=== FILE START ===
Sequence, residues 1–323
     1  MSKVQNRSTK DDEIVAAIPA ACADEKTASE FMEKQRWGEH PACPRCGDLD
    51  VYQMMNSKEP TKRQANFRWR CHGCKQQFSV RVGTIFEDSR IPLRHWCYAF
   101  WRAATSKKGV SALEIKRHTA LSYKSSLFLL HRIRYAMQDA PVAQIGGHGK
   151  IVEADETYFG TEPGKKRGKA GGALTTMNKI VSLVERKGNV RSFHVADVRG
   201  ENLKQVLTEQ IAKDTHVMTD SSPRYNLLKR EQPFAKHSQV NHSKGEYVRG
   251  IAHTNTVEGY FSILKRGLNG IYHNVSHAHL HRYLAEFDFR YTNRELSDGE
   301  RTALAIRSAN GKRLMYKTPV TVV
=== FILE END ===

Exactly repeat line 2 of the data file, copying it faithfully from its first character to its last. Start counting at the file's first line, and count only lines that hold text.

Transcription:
     1  MSKVQNRSTK DDEIVAAIPA ACADEKTASE FMEKQRWGEH PACPRCGDLD